Siena Sysko ’21
Siena spoke with Advanced U.S. Government and Politics teacher Mr. Toy about the current impeachment inquiry.
Siena: Can you explain Impeachment?
Toy: Impeachment would be bringing up Articles of Impeachment in the House of Representatives. It could be one article or it could be multiple articles in the House. To impeach the President, 51% of the House of Representatives vote to impeach. If they impeach the President, it then moves to the Senate, where the Senators act as jurors and the Chief Justice of the Supreme Court, John Roberts, acts as the presiding judge over what would be President Trump’s impeachment trial.
S: If Trump gets impeached, it is not necessarily removing him from office?
T: It is not removing him at all.
S: Can you explain the consequences of the inquiry and the impeachment, if it moves to that?
T: The inquiry could have multiple consequences, other things could be looked at besides the Ukranian transcripts. If he is not impeached, it’s over. If he is impeached, it then goes to the Senate and with the current Democratic candidates that are Senators (Warren, Harris, and Booker) they would have to sit through the trial and at the same time run for President. The consequences are obviously going to be political, partisan, and it could simply be very pragmatic issues with time; the current sitting Senators would have to sit through the trial and at the same time try to fundraise, try to campaign, and possibly, depending how long it is, participate in the primaries.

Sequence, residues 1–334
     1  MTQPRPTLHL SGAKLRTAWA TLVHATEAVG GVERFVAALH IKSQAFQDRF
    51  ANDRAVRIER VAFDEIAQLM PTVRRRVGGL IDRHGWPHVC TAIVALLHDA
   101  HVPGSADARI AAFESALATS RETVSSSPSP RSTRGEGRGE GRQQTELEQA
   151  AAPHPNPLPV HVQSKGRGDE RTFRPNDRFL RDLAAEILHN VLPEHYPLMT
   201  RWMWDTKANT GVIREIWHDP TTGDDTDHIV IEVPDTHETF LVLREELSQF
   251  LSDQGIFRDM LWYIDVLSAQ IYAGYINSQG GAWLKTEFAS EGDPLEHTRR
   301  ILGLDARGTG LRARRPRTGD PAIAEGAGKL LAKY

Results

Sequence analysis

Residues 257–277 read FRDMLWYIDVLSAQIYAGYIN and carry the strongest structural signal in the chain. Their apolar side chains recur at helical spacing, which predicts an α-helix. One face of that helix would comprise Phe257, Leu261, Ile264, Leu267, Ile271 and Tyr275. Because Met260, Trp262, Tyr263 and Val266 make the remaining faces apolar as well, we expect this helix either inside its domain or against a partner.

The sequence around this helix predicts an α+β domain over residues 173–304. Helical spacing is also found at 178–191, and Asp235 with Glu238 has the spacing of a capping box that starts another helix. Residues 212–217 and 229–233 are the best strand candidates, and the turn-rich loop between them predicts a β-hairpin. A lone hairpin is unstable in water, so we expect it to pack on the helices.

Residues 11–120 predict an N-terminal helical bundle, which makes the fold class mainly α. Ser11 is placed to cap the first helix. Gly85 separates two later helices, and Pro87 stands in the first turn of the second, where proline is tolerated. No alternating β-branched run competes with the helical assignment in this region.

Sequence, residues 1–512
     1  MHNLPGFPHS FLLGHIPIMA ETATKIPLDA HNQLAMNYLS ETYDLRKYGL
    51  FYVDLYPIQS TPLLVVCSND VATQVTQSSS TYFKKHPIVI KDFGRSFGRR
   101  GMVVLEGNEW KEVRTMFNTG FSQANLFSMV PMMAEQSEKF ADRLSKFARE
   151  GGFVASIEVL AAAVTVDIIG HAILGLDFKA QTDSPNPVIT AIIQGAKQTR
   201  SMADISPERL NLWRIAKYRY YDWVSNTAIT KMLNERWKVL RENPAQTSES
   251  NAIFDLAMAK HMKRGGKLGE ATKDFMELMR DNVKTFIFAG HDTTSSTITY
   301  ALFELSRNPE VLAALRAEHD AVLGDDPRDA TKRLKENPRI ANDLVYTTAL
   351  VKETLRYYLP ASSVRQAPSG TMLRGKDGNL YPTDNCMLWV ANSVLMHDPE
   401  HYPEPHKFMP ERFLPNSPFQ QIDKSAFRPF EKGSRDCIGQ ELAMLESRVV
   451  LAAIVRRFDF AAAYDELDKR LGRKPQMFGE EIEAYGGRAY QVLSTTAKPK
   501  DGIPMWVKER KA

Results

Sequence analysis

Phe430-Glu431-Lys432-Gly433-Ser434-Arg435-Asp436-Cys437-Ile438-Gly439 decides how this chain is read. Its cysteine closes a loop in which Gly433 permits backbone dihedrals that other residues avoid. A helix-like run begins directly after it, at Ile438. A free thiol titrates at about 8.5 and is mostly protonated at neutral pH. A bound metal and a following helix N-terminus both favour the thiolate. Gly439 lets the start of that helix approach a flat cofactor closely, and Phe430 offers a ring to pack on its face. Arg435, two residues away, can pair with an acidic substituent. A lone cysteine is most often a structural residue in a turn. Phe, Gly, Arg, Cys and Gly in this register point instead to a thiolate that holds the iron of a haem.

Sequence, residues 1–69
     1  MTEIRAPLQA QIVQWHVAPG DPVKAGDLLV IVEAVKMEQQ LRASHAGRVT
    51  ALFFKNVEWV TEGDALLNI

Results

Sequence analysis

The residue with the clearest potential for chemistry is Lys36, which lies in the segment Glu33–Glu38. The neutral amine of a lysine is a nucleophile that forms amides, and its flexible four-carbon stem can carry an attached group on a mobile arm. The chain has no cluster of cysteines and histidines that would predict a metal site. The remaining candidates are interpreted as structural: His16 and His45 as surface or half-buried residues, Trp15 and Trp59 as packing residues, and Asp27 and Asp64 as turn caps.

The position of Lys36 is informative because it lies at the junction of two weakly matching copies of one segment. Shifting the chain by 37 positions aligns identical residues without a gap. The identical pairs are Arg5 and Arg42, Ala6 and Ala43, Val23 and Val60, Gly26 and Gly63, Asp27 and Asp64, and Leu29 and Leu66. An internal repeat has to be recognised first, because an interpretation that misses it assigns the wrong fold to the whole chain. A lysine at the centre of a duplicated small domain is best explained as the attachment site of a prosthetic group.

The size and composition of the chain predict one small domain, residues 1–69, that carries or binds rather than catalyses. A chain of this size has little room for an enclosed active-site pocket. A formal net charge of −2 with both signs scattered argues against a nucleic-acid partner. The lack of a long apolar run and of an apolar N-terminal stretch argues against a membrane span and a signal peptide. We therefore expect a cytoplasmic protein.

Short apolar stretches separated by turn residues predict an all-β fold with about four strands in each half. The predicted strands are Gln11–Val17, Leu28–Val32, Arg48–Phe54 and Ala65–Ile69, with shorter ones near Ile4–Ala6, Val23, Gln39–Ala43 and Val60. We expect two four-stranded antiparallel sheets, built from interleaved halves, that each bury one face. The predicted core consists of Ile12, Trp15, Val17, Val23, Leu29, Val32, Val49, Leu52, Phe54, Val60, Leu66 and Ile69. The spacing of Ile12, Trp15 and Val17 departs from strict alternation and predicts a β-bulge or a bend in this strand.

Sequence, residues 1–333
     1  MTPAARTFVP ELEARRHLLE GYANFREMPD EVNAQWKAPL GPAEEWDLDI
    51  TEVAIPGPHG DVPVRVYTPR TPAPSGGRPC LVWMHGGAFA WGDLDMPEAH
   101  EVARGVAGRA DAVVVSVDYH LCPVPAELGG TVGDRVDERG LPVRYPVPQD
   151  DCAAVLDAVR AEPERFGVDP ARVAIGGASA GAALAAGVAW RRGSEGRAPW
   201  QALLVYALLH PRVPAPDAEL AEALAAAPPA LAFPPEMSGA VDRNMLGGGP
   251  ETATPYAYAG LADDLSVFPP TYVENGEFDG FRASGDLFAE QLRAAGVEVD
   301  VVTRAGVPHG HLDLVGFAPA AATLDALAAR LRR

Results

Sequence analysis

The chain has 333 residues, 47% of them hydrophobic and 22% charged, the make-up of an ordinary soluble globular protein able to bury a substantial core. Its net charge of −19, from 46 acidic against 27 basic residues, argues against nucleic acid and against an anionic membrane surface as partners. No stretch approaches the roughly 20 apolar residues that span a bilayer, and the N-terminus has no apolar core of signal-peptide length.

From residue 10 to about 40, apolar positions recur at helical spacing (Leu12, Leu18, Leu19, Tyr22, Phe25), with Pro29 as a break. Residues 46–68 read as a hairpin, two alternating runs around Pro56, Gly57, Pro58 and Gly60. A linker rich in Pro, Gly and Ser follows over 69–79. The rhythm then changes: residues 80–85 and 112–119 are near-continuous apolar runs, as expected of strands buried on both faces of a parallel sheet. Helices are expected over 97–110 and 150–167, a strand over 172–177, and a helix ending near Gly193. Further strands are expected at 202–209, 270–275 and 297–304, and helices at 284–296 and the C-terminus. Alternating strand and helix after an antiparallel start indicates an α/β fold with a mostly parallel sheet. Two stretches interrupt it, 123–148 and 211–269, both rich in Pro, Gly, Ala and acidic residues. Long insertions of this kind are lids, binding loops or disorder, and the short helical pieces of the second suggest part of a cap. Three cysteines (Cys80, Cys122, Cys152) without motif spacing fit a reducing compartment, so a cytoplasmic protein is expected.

S: Do you think there is a precedent in place for the inquiry/Have any other impeachments reflected this one?
T: Andrew Johnson’s impeachment was more of a President vs Congress. Clinton’s impeachment, I think, is parallel to the partisanship of this where you are seeing basically down party lines for the most part as of today, this all could change. The precedent of the actual trial itself would probably go with the Clinton impeachment where the House impeached him and the Senate did not convict him. As of now, pundits and political scientists are thinking it would be very difficult to flip the 20 Republican Senators needed to remove President Trump
S: Do you think the Nixon Tapes from Watergate parallel the Ukranian transcripts in any way or are they similar?
T: I do not necessarily think they are similar. I think we need to be careful comparing Watergate to this. There could be very vague similarities but I just do not think they are necessarily apples and apples, so to speak, I think they are more apples and oranges.